These experiences have caused her to expand the scope of her work. “I was doing an interview for NPR and I told them that in my neighborhood, I hear gunshots in the distance and there’s some peace that I feel knowing that it’s not on my block or the next block over. And that’s wild. When I actually said it, I thought, ‘That’s crazy.’”

“I want to figure out a way to stop gun violence or slow it down,” she said. “I want to get laws changed in Springfield and in Washington, D.C.” Gun laws are necessary, she said, but laws like the one in Illinois that does not recognize any other state’s concealed carry license – leading people who are unaware to be hit with felony charges if stopped by police – need to be changed.

She wants to see more resources for Chicago’s underserved communities, meaning better schools, mental health treatment facilities, jobs, and secure housing. All of these are things, she said, that give people hope.  

“Some of my clients have no hope,” she said.

In 1999, when Nixon started law school at The University of Toledo, she wanted to do corporate law “and make the big money working 80 hours a week in a large office.” An internship with the Lucas County (Ohio) Public Defender’s Office changed her mind.

She moved to Chicago after law school. “As soon as I passed the bar exam and I was sworn in, my dad asked, ‘Where do you want to go to dinner?’”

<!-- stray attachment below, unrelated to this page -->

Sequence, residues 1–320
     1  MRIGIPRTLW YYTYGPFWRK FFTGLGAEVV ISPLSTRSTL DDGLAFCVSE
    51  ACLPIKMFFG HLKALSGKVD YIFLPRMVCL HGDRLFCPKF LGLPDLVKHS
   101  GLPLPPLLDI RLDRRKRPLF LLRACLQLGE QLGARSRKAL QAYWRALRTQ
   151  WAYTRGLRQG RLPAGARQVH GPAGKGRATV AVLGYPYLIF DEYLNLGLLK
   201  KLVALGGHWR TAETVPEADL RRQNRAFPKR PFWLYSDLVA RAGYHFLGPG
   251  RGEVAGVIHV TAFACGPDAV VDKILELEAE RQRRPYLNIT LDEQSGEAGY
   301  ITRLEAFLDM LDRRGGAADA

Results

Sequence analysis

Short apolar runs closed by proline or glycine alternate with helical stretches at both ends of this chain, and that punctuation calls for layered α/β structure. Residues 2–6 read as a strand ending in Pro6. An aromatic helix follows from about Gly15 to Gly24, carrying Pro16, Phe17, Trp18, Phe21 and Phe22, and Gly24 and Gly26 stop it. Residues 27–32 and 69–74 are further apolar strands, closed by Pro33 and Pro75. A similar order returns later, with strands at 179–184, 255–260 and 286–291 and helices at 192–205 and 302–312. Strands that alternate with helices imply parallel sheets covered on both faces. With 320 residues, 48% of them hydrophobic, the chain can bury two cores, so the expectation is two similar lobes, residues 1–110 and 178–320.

“I said, ‘I don’t care.’ What I wanted to do was not eat, but drop off my application with the county for the Public Defender’s Office.” 

“I’ve always wanted to help people who have felt like they have been left behind by society for one reason or another,” Nixon said during a July episode of public radio’s “The 21st Show.”

Nixon’s plan had been to continue as a public defender, one day becoming a judge. But she has changed direction. “Now I am looking into going into management. ... Someone reached out and taught me and now it’s my turn to give back.” 

“What would make me feel really good when I lay my head down at night,” she added, “is to know I helped other attorneys in the office, giving them the confidence to walk into a courtroom and to own it.”

CLA is a part of the Center for Effective Government, based at the Harris School of Public Policy.